What is Healthy Exercise?

Senior African American Woman Exercising In Park

(DGIwire)  —  We’ve all heard exercise is good for us but most are still confused about what kind of exercise to do and how much is really needed to obtain health benefits.

Current guidelines for physical activity state that 150 minutes per week is a good goal.  That works out to be just over 20 minutes a day.  It doesn’t seem like much but less than 20 percent of American adults actually meet or exceed the recommendation.  That may be because people either think that more is needed or that it is hard or they confuse health with fitness.

Healthy exercise need not be as long or as hard as most athletes or fitness junkies would lead us to believe.  In fact, it can easily fit into anyone’s schedule and even be fun.

Physical activity is defined as any form of exercise or movement of the body that uses energy.  The good news is that the definition covers a lot including normal daily life activities like house chores, yard work and walking the dog.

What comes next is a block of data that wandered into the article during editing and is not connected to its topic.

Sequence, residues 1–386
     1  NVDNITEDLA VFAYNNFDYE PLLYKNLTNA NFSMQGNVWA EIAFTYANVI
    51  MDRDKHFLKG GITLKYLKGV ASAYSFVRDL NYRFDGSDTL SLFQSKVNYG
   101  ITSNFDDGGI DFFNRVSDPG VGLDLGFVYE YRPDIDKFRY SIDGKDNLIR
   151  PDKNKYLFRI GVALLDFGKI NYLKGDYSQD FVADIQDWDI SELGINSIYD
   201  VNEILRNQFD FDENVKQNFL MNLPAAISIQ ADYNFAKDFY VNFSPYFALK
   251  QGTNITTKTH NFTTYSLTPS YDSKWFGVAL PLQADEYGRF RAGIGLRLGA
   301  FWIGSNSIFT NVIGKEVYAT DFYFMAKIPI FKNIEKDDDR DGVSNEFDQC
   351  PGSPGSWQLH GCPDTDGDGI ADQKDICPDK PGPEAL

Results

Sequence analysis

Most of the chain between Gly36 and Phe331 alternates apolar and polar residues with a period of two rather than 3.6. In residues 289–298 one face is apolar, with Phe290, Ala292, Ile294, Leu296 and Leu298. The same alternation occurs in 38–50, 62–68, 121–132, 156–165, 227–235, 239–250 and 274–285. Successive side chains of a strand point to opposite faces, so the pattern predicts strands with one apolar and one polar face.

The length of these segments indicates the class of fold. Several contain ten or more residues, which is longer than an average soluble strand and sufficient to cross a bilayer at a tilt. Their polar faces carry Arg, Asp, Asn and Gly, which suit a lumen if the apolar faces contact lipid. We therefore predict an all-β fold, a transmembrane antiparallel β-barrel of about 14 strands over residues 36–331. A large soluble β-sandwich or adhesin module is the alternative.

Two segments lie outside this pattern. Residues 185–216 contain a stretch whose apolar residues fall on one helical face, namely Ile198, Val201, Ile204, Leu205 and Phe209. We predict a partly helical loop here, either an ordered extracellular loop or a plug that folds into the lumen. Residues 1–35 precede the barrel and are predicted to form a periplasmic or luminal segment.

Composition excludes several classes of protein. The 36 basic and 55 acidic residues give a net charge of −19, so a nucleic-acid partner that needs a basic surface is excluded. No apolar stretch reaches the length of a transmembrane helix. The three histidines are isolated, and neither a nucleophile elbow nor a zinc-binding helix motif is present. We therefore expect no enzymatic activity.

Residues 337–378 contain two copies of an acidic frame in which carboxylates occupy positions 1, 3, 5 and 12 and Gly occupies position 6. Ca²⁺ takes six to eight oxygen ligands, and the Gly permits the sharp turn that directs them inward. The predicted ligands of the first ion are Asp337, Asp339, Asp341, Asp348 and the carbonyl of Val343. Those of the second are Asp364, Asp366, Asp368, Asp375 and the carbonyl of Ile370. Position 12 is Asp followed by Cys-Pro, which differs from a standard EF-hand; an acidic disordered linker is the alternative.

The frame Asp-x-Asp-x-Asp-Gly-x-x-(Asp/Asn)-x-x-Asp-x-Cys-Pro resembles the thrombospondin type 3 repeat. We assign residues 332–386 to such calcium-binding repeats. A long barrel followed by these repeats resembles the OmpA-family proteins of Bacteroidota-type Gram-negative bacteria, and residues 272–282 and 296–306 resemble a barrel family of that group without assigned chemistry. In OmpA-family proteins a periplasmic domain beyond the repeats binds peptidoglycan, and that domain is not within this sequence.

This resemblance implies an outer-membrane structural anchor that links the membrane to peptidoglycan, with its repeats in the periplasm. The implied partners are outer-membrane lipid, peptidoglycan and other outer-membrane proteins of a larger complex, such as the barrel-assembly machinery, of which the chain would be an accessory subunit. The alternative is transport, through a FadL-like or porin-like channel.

There are really three areas that need to be covered: Aerobic activities, Muscle-strengthening activities and Bone-building activities.

Research concludes that moderate aerobic activity should last at least 10 minutes because shorter intervals don’t appear to have the same benefits.

Strengthening activities should cover all of the major muscle groups but weights are not necessary.

Bone building activities require a force or impact to promote or maintain bone growth.

“Regular walking along with alternating simple bodyweight exercises like some form of push-ups and squats can effectively cover all three criterion with a minimal time requirement.  Several 10-20 minute daily walks along with just one minute of muscle-strengthening performed three times each day is a simple and healthy program. It is perfect for beginners, the time-crunched and people who don’t like to exercise,” according to Tom Griesel, co-author of TurboCharged: Accelerate Your Fat Burning Metabolism, Get Lean Fast and Leave Diet and Exercise Rules in the Dust.

Any activity is better than none.  New research has concluded that that inactivity, particularly sitting for extended periods of time is a risk factor for disease all by itself.  This fact alone should provide some motivation to get up and move.

Griesel adds, “Consistency is the key.  Finding a way to get the minimum in every day is much more beneficial over time than intermittent but unsustainable efforts.  Finding ways to walk more and commit to just three daily muscle-strengthening exercises, lasting only one minute each, really adds up over time and can make a huge difference in the way a person feels and looks.”